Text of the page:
An extradition hearing for former Bosnian president Ejup Ganic began in London Monday to determine whether or not the former leader should be forced to face trial [BBC report] in Serbia for alleged war crimes. Ganic, who served as vice president during the outset of the 1992-1995 Bosnian civil war [JURIST news archive], is accused of ordering attacks in Sarajevo during the start of the war in violation of the Geneva Convention relative to the Treatment of Prisoners of War [text]. The former leader argues that it would be impossible for him to receive a fair trial in Serbia. The extradition proceedings are expected to continue until July 14.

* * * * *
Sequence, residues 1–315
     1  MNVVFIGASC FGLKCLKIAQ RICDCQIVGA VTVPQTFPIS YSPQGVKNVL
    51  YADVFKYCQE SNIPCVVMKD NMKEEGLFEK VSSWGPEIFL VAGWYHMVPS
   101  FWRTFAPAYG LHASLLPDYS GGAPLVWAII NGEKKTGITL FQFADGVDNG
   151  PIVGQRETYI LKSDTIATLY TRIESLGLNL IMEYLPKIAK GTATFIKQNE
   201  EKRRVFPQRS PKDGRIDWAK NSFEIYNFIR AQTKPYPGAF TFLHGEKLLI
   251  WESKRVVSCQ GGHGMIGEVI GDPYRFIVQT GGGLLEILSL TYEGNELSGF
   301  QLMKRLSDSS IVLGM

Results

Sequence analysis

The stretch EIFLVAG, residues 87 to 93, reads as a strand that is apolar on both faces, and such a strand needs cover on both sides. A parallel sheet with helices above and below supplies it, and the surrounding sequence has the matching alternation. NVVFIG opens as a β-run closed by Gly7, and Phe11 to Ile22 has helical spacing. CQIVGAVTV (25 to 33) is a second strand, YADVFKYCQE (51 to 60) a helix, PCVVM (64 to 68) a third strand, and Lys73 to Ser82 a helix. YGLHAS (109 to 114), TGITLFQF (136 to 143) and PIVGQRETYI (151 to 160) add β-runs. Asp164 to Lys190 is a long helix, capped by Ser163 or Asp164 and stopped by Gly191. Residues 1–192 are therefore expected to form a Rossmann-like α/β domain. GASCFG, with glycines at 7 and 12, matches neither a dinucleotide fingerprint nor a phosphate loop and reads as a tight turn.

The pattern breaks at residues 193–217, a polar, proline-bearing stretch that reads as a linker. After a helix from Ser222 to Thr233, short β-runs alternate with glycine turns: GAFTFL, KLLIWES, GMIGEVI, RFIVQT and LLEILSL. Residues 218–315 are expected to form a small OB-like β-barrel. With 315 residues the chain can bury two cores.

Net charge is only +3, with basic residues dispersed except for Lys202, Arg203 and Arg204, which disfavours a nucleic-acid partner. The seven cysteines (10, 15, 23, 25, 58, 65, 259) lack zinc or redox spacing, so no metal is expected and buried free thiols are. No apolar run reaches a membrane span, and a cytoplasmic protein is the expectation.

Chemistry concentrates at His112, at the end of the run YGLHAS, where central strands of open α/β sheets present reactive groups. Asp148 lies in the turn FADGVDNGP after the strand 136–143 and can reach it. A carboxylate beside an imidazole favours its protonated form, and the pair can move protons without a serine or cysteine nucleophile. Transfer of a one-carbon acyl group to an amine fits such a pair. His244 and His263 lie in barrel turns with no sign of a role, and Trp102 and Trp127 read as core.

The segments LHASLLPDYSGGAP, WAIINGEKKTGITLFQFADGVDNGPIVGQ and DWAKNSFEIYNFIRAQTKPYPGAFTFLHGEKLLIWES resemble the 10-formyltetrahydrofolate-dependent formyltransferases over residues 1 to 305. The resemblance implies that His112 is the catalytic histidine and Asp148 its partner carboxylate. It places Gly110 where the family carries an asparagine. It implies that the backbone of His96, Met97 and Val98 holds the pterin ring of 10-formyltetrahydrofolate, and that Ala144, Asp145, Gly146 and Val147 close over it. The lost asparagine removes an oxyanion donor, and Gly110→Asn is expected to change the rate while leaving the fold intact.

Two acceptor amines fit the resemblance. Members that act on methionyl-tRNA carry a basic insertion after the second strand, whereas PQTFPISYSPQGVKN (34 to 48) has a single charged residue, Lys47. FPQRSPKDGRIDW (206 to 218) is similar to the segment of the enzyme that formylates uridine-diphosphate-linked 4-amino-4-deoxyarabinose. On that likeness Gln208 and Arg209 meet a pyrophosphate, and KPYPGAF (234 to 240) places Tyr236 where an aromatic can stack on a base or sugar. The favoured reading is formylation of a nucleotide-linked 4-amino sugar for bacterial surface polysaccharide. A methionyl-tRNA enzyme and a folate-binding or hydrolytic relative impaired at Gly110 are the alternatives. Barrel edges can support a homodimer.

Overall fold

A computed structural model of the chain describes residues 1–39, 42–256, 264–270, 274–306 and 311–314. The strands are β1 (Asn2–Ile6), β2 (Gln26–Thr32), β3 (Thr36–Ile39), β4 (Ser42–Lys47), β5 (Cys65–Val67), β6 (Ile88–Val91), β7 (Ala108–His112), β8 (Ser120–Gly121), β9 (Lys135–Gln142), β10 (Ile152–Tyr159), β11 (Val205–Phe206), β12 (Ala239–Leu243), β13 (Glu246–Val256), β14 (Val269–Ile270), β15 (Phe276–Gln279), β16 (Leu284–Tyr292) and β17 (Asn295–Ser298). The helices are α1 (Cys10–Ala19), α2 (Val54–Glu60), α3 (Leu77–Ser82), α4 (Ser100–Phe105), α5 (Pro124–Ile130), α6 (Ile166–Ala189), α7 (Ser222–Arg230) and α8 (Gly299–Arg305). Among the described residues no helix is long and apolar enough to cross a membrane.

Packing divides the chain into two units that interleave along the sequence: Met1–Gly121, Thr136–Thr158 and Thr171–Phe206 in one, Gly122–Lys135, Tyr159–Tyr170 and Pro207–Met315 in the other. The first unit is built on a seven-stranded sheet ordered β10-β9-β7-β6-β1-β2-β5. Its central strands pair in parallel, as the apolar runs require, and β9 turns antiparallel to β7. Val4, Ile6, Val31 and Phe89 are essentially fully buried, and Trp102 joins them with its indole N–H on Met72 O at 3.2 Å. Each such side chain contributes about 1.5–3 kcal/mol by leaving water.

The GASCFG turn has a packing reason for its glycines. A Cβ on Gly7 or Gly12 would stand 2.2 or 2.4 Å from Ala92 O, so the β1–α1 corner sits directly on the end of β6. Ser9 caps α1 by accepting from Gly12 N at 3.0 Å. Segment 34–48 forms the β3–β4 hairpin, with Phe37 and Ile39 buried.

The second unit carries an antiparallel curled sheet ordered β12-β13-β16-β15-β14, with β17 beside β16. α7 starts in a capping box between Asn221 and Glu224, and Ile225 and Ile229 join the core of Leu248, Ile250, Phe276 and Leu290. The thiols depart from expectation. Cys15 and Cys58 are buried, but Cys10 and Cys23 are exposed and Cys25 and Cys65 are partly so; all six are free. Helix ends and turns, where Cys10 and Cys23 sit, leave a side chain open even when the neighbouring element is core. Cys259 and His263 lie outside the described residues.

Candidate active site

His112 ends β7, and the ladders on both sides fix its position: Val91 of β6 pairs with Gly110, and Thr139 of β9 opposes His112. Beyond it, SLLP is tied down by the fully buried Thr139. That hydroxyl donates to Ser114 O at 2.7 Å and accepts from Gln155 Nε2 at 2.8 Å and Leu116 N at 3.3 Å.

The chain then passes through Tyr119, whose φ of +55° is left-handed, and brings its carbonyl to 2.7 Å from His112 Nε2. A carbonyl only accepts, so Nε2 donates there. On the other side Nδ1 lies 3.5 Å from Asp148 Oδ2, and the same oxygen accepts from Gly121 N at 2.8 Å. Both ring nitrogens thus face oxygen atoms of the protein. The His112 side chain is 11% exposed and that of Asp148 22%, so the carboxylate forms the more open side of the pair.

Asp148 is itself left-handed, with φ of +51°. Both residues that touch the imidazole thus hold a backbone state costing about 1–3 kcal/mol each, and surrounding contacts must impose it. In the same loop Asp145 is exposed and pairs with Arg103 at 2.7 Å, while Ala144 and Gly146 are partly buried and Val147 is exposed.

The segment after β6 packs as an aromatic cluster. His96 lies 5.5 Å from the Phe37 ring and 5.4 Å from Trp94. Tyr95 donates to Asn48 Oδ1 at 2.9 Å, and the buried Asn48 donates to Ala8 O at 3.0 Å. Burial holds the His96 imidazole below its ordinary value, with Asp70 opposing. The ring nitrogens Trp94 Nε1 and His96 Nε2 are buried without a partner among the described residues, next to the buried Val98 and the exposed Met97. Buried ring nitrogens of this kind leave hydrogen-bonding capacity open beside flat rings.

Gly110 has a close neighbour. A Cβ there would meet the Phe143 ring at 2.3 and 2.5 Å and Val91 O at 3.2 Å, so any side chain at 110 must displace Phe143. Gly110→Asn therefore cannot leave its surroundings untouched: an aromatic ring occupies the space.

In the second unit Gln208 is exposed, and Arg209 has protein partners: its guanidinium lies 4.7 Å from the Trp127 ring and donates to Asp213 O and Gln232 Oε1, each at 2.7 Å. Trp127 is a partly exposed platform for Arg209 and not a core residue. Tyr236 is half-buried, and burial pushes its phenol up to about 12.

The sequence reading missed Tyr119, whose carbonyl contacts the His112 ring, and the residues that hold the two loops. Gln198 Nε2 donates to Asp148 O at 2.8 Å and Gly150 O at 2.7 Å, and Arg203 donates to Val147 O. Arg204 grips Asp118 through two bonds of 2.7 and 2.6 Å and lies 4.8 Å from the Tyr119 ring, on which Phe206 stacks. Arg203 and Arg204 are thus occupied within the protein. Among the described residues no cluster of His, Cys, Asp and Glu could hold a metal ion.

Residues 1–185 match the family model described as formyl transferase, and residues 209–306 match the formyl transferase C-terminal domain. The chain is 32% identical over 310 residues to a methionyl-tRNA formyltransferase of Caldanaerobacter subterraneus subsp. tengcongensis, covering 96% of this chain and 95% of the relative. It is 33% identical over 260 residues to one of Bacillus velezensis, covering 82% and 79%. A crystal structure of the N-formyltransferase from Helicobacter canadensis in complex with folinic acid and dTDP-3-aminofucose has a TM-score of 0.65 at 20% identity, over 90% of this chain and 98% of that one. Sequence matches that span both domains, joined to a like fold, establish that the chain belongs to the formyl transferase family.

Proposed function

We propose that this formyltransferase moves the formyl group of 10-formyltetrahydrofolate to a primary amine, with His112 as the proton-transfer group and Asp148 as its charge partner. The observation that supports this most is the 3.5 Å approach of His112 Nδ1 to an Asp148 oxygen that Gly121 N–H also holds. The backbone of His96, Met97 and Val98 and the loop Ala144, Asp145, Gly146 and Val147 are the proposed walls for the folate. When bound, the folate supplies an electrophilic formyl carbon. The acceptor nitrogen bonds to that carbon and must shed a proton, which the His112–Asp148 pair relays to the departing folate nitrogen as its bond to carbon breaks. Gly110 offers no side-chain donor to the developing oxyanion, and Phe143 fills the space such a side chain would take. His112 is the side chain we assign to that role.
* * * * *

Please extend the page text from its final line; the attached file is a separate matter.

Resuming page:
In March, Ganic was arrested [JURIST report] by British police at Heathrow Airport pursuant to a Serbian provisional extradition warrant. Ganic is the highest ranking official among 19 for whom Serbia has issued an arrest warrant in connection with the Dobrovoljacka Street incident at the onset of the Bosnian conflict. Bosnian authorities dismiss Serbian claims surrounding the incident on the grounds that they were defending their own territory and that Serbia is undermining procedures in the International Criminal Tribunal for the former Yugoslavia (ICTY) [official website; JURIST news archive].